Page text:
At a Glance
The restoration of a degraded urban stream enhances ecology, water quality, and public safety in a neighborhood park.
The neighborhoods around Washington, DC’s Spring Valley Park were developed many years before the enactment of stormwater regulations in the District. Uncontrolled storm flows began eroding a tributary to the Potomac River that flowed through the park, degrading water quality and habitat, and threatening park safety. To make matters worse, the uncontrolled storm flows had also exposed sanitary sewer lines and damaged a popular hiking trail.
In an effort to help the District Department of Energy and Environment to restore stability, natural hydrology, and ecological function to the tributary, Biohabitats restored 1,000 linear feet of the degraded stream.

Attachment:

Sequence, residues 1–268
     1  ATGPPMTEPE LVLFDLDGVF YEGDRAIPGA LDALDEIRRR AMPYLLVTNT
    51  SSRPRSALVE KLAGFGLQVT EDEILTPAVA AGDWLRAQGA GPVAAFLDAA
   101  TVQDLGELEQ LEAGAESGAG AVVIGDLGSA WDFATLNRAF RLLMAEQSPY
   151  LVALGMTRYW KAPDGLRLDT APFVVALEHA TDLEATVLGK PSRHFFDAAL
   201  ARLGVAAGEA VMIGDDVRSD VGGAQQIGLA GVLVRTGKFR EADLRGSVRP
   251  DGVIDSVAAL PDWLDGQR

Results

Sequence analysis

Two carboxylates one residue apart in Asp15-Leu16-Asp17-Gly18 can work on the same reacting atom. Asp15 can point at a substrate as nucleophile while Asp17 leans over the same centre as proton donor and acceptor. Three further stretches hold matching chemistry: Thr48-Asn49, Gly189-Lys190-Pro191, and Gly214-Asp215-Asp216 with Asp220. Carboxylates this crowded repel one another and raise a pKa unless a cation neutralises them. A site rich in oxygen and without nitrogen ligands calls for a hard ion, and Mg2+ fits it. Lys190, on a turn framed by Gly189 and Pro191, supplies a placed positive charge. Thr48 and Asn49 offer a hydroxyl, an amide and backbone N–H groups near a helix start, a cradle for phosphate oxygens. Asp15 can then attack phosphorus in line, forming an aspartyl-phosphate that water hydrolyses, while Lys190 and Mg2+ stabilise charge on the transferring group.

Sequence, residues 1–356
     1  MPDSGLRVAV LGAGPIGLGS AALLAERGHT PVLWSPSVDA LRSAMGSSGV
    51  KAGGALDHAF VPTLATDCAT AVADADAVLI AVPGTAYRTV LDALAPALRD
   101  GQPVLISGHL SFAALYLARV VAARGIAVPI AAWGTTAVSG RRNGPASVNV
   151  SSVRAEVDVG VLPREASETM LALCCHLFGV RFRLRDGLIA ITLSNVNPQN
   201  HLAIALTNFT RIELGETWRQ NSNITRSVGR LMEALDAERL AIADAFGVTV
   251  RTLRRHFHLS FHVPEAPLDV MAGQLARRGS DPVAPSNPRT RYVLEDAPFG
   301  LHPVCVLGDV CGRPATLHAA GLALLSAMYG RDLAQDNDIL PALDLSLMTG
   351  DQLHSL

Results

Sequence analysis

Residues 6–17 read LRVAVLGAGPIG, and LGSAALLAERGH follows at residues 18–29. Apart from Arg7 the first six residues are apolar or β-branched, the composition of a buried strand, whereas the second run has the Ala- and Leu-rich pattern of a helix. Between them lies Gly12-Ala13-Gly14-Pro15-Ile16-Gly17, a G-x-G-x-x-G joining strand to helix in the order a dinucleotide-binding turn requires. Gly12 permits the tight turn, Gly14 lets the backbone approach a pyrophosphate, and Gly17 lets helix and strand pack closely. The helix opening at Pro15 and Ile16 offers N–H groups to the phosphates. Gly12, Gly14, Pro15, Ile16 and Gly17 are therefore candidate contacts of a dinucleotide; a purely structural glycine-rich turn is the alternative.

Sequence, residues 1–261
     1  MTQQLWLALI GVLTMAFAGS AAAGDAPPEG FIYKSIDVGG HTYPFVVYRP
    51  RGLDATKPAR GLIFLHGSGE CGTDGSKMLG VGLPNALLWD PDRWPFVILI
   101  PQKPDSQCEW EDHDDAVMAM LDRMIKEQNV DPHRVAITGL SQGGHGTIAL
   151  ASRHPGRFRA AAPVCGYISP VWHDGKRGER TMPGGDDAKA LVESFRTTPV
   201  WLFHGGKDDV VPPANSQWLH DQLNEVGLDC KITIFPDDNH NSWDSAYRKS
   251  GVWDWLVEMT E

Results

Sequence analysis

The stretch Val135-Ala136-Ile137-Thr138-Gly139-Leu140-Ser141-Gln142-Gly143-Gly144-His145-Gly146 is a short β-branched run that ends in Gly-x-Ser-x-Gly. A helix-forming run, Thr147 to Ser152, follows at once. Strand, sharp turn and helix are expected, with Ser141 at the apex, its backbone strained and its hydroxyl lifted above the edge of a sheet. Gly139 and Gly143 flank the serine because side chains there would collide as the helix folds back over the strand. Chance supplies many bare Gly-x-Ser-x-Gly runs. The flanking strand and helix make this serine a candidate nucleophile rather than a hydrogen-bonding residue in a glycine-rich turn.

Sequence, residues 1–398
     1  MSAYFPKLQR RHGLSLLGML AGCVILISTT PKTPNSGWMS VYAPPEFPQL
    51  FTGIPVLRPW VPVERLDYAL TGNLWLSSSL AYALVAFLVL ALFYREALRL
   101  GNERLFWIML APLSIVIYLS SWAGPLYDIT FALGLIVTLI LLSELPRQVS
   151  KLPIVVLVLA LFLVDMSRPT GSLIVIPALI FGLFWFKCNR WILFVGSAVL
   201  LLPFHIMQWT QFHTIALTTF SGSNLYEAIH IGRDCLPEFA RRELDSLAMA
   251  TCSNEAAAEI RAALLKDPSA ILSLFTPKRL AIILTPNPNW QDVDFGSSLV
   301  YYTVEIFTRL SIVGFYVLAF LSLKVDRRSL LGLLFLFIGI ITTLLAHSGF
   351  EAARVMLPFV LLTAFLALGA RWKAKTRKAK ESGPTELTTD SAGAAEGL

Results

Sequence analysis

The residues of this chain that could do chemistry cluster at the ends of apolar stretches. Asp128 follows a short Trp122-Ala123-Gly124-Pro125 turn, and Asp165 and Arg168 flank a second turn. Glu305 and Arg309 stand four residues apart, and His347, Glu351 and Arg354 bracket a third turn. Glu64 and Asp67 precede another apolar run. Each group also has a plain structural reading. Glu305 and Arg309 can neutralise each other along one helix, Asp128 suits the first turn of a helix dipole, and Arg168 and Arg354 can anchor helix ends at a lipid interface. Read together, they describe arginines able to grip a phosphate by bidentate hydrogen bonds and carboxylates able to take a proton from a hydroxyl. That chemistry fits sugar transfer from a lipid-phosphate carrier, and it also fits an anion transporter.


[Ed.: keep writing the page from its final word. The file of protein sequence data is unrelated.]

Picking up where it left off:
Working closely with the park’s many stakeholders and community members, Biohabitats crafted a cost-effective design that would not only reduce the volume and velocity of stormwater being discharged into the park, but cover and protect exposed sanitary sewer lines, rehabilitate a walking trail to enhance access and safety, and augment the beauty of the highly visible project site.
Community, Design & Build, Ecological Restoration, Infrastructure, Urban Ecology, Water
District Department of the Environment
Washington, District of Columbia, United States
- Precision Survey and Mapping, Inc.